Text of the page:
You know what’s really nice for dinner? Cereal! A glass of water, an apple, maybe some carrots. I could happily eat this every night. The prospect of the time savings alone fills me with glee. Or actually, with a mournful longing. I know it might sound a little desolate, and is probably not too far afield, in terms of pragmatism, from giving up on traditional conviviality and drinking Soylent on vegan couches with a self-documenting tech tribe from the Bay Area, but… doesn’t it sound pretty good? If you let yourself embrace it? Get one of those turbo-cereals with all the protein in it, and you have all the major food groups covered. But my desire for cereal every night has been likened to living in a van down by the river (and frankly, if the river keeps the milk cold, I’m down with that), so, bleah, here’s another attempt to accommodate this whole hot-meal-around-a-table craze that’s being going on for a couple thousand years: Motherfucking Tofu Meatballs.
Tofu because, despite family members’ professed interest in eating meatballs, there comes a point in every person’s life when the question must be asked: “Do I want to fill a bowl with various ground meats and a raw egg and some other stuff and just plunge my hands into it?” I tried to think of a set of circumstances where the answer was yes. I could not.
But I researched meatballs anyway (yes! I researched meatballs, via Bon Appetit), and the list of eight no-nos included using a spoon to mix the meat (you’d crush it – this is ground meat we are talking about, but you’d crush it), rolling the balls all the same size (God forbid), and rolling the balls with dry hands – you should use wet hands – which actually I think every teenage boy can get on board with. Also, they caution, “Eggs are not a source of moisture!”
Also forefront in my mind during this time when I was pretending to consider making meatballs was a day a few years ago when I was practically skipping up a side street in Providence, RI, heading toward a coffee shop in the bright sunshine, channeling the energy level of Margo Thomas in the opening credits of That Girl but looking like a very haggard and Cubist version of Kate Winslet in the scene from Titanic where she’s hanging on to a floating door in the frigid ocean. I was like, “Man! This day is great! Look at that mattress on the sidewalk! I’m going to jog around it!” and then a white van pulled up about a quarter block ahead of me and the driver got out, groused around in the back, and dumped a huge silver chafing dish full of meatballs and “gravy” into the street and roared away. This was not far from the Mexican restaurant from whose window my husband and I had recently watched a… is that a cat? No – THAT’S A HUGE RAT! carry what appeared to be an entire burrito into a sewer grate. Meatballs are why they get so big, yo.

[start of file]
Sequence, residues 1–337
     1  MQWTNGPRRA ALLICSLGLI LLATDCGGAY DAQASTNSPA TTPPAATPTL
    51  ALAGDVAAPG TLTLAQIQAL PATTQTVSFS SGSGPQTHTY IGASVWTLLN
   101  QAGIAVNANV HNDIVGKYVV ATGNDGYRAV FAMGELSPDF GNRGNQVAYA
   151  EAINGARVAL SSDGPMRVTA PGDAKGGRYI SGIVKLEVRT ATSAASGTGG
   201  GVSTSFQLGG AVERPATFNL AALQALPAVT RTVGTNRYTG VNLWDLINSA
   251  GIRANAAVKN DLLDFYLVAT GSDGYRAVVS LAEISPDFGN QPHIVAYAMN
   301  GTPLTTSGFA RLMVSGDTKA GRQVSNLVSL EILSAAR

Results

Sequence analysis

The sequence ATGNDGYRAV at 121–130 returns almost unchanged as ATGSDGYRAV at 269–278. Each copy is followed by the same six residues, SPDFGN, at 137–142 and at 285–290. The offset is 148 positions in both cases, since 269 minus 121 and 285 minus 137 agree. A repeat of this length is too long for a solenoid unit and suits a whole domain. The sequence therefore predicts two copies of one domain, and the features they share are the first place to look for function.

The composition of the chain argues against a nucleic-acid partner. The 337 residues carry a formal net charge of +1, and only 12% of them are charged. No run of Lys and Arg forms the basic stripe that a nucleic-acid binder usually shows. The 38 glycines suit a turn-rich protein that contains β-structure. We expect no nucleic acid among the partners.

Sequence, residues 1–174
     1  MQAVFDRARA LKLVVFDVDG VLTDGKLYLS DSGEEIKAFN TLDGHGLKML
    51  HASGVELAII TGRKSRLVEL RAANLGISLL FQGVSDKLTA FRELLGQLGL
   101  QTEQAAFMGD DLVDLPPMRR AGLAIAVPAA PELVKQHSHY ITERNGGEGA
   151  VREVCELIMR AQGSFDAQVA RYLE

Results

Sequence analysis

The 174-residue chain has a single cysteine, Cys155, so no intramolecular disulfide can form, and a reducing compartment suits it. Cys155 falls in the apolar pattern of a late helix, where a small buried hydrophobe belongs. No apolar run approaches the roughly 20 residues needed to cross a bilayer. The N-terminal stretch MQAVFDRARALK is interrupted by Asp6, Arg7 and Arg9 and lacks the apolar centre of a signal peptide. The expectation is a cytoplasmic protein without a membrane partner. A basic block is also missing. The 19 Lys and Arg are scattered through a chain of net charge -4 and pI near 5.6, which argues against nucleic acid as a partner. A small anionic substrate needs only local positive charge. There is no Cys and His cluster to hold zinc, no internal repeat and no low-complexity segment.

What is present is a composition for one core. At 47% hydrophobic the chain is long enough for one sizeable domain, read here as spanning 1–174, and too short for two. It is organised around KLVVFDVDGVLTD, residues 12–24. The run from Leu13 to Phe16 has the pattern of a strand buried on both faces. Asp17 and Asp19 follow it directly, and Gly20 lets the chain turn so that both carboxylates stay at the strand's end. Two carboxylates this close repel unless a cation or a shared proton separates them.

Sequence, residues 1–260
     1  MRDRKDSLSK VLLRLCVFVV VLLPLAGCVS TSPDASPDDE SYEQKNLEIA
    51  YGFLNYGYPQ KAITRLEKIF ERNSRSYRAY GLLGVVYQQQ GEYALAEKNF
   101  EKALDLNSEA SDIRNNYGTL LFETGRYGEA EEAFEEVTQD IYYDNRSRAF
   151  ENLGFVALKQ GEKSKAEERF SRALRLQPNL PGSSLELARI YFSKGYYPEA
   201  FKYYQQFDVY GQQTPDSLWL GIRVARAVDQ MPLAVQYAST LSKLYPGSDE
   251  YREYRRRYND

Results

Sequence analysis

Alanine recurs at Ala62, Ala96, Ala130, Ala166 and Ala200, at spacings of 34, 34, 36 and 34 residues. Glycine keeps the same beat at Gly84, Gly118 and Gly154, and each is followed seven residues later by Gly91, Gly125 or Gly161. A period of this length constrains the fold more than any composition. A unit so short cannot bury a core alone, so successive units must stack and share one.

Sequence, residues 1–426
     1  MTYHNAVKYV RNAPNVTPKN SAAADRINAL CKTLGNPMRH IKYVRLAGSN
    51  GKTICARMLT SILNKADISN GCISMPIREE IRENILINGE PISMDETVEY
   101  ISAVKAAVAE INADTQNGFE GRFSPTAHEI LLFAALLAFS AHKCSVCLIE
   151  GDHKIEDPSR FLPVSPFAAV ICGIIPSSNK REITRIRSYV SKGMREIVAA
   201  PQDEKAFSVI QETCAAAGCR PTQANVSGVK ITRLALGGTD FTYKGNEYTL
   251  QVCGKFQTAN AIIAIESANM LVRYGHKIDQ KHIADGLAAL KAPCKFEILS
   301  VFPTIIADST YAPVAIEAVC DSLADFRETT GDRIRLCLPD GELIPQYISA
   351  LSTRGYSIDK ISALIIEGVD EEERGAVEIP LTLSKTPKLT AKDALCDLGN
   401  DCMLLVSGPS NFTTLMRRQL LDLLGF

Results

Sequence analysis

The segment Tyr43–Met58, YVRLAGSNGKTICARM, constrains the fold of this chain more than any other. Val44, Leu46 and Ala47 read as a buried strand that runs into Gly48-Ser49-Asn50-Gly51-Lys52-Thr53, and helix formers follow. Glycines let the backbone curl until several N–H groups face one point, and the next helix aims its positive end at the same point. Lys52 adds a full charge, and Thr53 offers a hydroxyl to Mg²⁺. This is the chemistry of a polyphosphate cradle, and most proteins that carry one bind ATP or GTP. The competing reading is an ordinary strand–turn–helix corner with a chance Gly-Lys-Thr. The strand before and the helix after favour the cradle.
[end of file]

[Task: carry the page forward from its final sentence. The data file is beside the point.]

Tofu meatballs are something I watched a college friend’s father make on a couple of occasions, and when he made them, they were delicious. They involve essentially the same things as meatballs, and you can tuck some diced mushrooms in there for umami, and while they do involve an egg as a binder (not a source of moisture!) so they’re not vegan, it’s less of a massacre.
I get the whole thing going, and don’t forget the part where you put a block of tofu between two heavy plates to squeeze out the extra water. At a certain point, these also require “moist hands” for ball rolling, but put it out of your mind. Everything works out, the pasta is cooking, the kids are playing. The last thing to do is simmer the tofu balls in pasta sauce and then everybody can eat. Just as I do that, the mostly potty trained 2-year-old comes into the kitchen and shouts, “Mom! I have a huge poop!”
My task here is to determine if this is ex post facto or a request to use the commode. That is complicated by him making a run for the cellar. The 5 year old decides to get involved, and to start scolding her brother, which leads to some freestyle screaming on his part, followed by the three of us cramming ourselves into a half bath while he treats the toilet like a pommel horse and the 5-year-old repeatedly says, “Mom! Watch this!” and then stares dead-eyed into the middle distance while singing a song she learned at school, correcting herself many, many times as she trips over a tricky lyric.
Fifteen minutes later, with hands I’ve washed 18 times, I return to the stove. The tofu balls have disintegrated. No amount of eggs will bind those suckers back together. What is in the pan does not make a convincing meatless Bolognese, because it is whitish, like I scraped the cliffs of Dover into a saucepan. The kids ask for macaroni and cheese. The answer is no. For the next 20 minutes, while they complain and I respond with silence, I use chopsticks and a teaspoon to shove the tofu stuff inside tubes of ziti, and then line the ziti up on plates like I’m making edible ammunition belts and cover the whole thing with Parmesan cheese. The children do not really eat it, and neither do I. The texture is such that if you bite into the ziti, the tofu mixture comes exploding out but then loses momentum and takes up residence on the roof of your mouth. It is mimicking the action of vomiting and then stalling, and the mix would be useful if you were trying to wall off your mouth from your alimentary canal, which is essentially the reaction of any sensible person to the things I cook. But there is a solution to this, and it is cereal. Cereal cereal cereal. Cereal!